So much of the law is geared towards addressing what happens when two black-letter principles apply simultaneously but point to different outcomes. 

The Court of Appeals had to resolve just such a conflict this week in In re: J.B.  In that termination-of-parental-rights case, the mother-appellant’s counsel filed a “no-merit” (Anders-like) brief raising two substantive “no-merit” arguments.  But counsel also argued that the trial court lacked subject-matter jurisdiction as to one of the six children—an argument that counsel deemed to have merit. 

That put the panel in a tricky spot.  After all, a potentially meritorious argument does not belong in a no-merit brief, nor did the mother file a pro se brief arguing subject-matter jurisdiction. And it is not the job of the appellate court to construct arguments for the parties.  Thus, perhaps the jurisdictional challenge was waived.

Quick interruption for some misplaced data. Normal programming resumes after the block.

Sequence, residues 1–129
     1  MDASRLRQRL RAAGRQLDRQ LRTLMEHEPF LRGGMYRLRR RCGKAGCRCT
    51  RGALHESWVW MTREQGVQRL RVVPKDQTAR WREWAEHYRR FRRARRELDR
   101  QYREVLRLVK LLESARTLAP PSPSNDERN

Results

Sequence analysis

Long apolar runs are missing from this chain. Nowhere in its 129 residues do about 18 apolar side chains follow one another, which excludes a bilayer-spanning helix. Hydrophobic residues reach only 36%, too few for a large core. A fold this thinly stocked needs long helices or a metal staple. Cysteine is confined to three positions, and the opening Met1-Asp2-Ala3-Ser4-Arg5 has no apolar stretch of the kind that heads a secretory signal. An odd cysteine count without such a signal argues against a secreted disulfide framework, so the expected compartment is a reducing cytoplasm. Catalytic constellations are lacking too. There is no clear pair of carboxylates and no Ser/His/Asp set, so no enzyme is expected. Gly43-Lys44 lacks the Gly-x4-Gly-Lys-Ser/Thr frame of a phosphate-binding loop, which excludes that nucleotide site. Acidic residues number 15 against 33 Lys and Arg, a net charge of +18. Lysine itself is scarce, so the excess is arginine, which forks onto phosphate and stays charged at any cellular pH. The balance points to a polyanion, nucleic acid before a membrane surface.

On the other hand, an appellate court that identifies a lack of subject-matter jurisdiction below must vacate the judgment.  See, e.g., In re: K.A.D., 187 N.C. App. 502, 504 (2007). 

Usually, the courts resolve this particular unstoppable-force-meets-immovable-object conflict by delving into the subject-matter-jurisdiction arguments whether properly presented or not.  The idea is that subject-matter jurisdiction is special—it cannot be created by consent and it can be challenged at any time, even sua sponte by the court.

Here, the panel went the other way, declining to engage with the subject-matter-jurisdiction question because it went beyond the scope of the arguments that had been properly presented for review.

Of course, we don’t know exactly what arguments were made by the parties in this case, because the briefs are under seal.  The subject-matter-jurisdiction challenge may not be meritorious after all.  And even if it had merit, it isn’t clear what it would look like to vacate the order just as to one of the six children.

Regardless, this is a fascinating result that should make all of us a bit more nervous about preservation and waiver issues.